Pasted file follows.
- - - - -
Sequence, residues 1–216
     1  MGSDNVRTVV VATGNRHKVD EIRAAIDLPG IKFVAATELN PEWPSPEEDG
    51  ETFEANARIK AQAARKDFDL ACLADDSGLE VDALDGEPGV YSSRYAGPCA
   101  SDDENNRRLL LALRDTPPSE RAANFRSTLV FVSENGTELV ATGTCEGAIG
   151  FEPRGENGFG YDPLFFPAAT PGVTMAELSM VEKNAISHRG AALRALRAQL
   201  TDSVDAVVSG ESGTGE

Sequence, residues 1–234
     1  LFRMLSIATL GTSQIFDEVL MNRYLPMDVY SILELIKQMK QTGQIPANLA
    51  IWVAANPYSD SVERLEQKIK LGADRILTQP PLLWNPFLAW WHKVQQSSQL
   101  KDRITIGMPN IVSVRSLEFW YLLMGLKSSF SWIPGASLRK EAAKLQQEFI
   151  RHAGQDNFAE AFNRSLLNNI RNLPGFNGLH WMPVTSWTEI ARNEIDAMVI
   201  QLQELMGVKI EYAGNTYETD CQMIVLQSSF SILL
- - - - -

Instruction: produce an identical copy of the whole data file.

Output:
Sequence, residues 1–216
     1  MGSDNVRTVV VATGNRHKVD EIRAAIDLPG IKFVAATELN PEWPSPEEDG
    51  ETFEANARIK AQAARKDFDL ACLADDSGLE VDALDGEPGV YSSRYAGPCA
   101  SDDENNRRLL LALRDTPPSE RAANFRSTLV FVSENGTELV ATGTCEGAIG
   151  FEPRGENGFG YDPLFFPAAT PGVTMAELSM VEKNAISHRG AALRALRAQL
   201  TDSVDAVVSG ESGTGE

Sequence, residues 1–234
     1  LFRMLSIATL GTSQIFDEVL MNRYLPMDVY SILELIKQMK QTGQIPANLA
    51  IWVAANPYSD SVERLEQKIK LGADRILTQP PLLWNPFLAW WHKVQQSSQL
   101  KDRITIGMPN IVSVRSLEFW YLLMGLKSSF SWIPGASLRK EAAKLQQEFI
   151  RHAGQDNFAE AFNRSLLNNI RNLPGFNGLH WMPVTSWTEI ARNEIDAMVI
   201  QLQELMGVKI EYAGNTYETD CQMIVLQSSF SILL